Risk evaluation  provides fact based information about the nature and magnitude of identified challenges during process development. Our experience and expertise to combine all key parameters in terms of process, economics, energy and logistics  provides the basic needs for successful risk assessment and provide solutions when they most matter: before making the wrong decisions!

Direct calculation and breakdown of energy demands and carbon emissions (of the ongoing design) is key for comparing different technologies. The integrated approach applies in-depth energy analysis  and  sophisticated tools and methodologies to locate major energy saving opportunities which will deliver to the most energy-efficient and cost-effective process design. The results of the process model are directly fed to the energy analysis tool for optimising process design with respect to energy and emissions. Moreover, reducing process energy demands leads to reduction of capital and operating costs of the onsite energy generation facilities.

The economic evaluation allows for a detailed analysis of capital and operational costs. But it is not limited to these: also challenges that may not seem so obvious at first glance, such as logistics or choosing the best location (worldwide), become visible and can easily be analysed.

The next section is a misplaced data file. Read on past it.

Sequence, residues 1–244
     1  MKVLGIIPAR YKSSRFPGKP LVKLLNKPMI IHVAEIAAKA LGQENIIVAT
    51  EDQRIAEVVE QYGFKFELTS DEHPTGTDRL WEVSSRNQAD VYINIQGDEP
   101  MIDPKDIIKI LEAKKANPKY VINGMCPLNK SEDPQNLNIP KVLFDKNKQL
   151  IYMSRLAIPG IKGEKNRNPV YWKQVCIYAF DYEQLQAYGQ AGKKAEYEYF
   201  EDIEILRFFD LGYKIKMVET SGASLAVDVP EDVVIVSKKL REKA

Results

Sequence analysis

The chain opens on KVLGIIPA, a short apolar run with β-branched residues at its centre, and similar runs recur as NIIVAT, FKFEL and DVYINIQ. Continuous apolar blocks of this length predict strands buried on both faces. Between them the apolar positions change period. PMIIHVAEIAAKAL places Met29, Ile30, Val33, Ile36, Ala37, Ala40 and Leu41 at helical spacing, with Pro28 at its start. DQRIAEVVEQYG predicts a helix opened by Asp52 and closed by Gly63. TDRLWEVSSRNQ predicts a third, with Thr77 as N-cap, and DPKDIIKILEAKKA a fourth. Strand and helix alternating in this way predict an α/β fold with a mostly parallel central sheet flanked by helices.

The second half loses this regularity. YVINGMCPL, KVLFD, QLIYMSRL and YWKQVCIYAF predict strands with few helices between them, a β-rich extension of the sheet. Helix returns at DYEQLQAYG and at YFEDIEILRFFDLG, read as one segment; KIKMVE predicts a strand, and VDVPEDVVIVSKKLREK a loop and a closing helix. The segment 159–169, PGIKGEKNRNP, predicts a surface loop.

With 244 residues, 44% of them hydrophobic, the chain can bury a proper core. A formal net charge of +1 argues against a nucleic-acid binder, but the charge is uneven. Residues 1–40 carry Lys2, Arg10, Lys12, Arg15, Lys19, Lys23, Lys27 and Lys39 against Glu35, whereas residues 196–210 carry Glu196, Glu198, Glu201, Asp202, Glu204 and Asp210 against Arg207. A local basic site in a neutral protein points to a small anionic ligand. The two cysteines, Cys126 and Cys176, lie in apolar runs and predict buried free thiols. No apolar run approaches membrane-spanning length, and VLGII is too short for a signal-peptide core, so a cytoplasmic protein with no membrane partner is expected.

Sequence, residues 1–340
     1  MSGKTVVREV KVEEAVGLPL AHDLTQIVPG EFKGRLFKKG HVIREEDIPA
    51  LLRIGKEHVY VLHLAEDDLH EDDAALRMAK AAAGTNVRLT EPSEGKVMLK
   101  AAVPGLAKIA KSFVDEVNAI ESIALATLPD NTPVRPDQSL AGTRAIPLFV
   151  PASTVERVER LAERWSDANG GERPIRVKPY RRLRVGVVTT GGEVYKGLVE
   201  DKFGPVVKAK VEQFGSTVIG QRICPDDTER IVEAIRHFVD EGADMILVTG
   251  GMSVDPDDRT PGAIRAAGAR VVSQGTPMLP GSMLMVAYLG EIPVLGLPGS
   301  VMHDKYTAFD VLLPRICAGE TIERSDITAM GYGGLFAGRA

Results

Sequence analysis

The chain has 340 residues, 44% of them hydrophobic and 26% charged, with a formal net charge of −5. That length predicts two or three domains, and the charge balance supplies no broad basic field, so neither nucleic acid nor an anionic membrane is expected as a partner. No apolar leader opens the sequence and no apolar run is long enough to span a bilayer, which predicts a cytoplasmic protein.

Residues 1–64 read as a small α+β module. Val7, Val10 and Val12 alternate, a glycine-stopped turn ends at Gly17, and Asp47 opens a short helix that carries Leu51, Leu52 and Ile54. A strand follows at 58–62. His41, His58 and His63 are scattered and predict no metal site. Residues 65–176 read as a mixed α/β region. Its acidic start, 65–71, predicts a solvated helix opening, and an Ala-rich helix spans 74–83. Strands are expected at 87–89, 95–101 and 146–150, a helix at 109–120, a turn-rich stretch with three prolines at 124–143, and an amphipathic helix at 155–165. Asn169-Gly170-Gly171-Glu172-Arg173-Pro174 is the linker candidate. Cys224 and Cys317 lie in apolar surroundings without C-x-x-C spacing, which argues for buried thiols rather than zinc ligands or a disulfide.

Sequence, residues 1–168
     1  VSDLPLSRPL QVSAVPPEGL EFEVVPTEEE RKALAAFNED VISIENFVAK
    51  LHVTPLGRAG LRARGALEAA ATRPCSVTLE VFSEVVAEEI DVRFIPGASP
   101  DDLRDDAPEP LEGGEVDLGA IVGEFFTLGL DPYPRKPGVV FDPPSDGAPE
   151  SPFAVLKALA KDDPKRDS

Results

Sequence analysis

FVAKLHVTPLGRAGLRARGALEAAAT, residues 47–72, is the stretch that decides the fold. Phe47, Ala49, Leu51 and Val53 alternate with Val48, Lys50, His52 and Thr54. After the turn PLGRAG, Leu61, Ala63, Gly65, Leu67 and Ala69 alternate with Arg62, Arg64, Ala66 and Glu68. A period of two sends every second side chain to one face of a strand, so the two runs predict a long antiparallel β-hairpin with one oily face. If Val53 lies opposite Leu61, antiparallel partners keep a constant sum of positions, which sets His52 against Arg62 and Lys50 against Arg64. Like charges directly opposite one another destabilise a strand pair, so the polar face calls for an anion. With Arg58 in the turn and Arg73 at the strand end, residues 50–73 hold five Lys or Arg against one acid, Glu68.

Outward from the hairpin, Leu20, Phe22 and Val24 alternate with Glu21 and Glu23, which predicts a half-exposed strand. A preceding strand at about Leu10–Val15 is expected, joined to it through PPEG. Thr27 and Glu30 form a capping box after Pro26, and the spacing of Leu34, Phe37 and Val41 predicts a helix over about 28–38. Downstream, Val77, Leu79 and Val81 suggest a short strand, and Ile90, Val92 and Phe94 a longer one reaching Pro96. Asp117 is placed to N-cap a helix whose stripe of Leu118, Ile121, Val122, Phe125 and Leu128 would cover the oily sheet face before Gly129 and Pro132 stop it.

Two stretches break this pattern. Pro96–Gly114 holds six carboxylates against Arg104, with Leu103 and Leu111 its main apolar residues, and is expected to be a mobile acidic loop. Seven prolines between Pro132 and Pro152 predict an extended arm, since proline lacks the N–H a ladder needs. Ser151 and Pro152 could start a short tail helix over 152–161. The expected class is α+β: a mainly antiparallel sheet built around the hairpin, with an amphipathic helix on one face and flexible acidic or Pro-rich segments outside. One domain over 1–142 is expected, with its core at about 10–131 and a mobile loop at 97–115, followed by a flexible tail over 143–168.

Within the integrated approach the economic model is linked to the process model allowing for an interactive equipment sizing and estimation of capital and operating costs. Therefore, the integrated model approach enables a fast and a detailed economic assessment of different process configurations, different production scales, varied operating parameters, etc.  The results of the economic model are then used to assess the financial performance of different project scenarios, in particular calculating return on investment (ROI), net present value (NPV) of the project, payback period or minimum selling price of new products.


  • Fast and cost effective process development
  • Fast and reliable evaluation of many different process option and alternatives
  • Guiding R&D activities and setting targets for techno-economically optimal design (yields,
  • temperatures, pressure, etc.)
  • Supporting and guiding process scale-up activities
  • Less redesign and reengineering in later development stages (TRL 5 - 8)
  • Minimizing waste and valorisation of waste streams
  • Mitigating risks related to process scale-up (technology, energy & economics)

See relevant projects >>